Roughly every four years the book publishing industry goes through a bout of wide-eyed enthusiasm for portable ebook readers. The periodicity tends to fall in with the World Cup cycle (not the Olympic cycle -- that is when book publishers espouse enthusiasm for printing on demand, or remote jukebox style devices that will print and bind any book for $15), so this year just after the Frankfurt book fair we have another bout of ebook enthusiasm.

Paid Content have blogged a summary of early reactions. The Sony Reader may or may not catch on for the world's great literature, but we can be sure that it will not, in its current form, catch on for magazines. The device is apparently very good at giving a crisp image in black and white, viewable from almost any angle, with sharp text ideal for reading in sunlight or in the bath. That is not enough for magazines. Magazines absolutely require colour. Colour, colour, colour and again colour. For that reason alone the magazine industry will not be disturbed by this wave of publisher enthusiasm for ebook readers. In 2010? Who knows, by then the clever technology may be supporting coloured balls.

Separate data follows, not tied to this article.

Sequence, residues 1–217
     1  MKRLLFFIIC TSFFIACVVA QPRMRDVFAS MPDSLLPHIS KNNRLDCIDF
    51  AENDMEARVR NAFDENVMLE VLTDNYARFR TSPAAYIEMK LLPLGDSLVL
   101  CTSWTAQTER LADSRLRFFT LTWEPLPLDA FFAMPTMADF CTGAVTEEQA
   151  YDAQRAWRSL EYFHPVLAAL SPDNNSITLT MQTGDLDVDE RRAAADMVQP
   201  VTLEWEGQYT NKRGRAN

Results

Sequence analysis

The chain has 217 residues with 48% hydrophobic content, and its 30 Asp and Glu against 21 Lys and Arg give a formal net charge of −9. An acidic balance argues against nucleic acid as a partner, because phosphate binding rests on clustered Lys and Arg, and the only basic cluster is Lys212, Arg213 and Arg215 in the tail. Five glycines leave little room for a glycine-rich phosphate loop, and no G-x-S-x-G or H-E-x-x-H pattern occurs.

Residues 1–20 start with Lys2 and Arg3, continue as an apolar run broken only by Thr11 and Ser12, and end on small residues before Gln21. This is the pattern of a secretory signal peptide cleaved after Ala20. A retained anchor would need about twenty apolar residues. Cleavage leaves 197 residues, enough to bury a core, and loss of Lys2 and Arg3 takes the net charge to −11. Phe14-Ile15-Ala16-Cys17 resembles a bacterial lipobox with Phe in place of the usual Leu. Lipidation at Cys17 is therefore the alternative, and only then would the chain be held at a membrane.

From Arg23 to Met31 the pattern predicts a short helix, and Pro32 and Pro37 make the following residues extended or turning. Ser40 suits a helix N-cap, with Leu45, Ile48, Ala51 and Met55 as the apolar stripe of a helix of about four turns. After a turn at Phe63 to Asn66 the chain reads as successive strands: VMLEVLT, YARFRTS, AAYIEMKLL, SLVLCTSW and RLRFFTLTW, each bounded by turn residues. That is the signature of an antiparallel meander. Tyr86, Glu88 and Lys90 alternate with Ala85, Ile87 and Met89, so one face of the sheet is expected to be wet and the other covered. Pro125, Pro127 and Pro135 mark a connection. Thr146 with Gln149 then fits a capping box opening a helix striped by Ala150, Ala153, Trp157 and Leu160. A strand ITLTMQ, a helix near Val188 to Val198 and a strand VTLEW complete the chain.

Friday, October 13, 2006

Clickable Contents Pages

During the summer we improved our content management service so that web links and email addresses in magazine articles are now generally live and clickable. This was a big improvement in navigation from the magazine (clicking on a link or an email opens a new window and doesnt lose your place in the magazine). At the same time we introduced clickable Contents Pages. So all the magazines that we have imported to the system since August have click-through navigation within the magazine from the contents page. You need to click on the actual page number in the contents list, and you will notice that each live number has a ghost green box to show that it is live. This is the same conventional green outline that is used for emails, urls and international phone numbers. See how it works here:

Music Tech -- contents double-spread


The Baptist Times -- summary contents

As a complement and reminder of the Contents Page function we introduced a small icon which allows the user to access the contents page for each issue from any page in that issue. If you ever get lost in massive magazine, reach for this little icon:

Thursday, October 12, 2006

Long Tails and magazines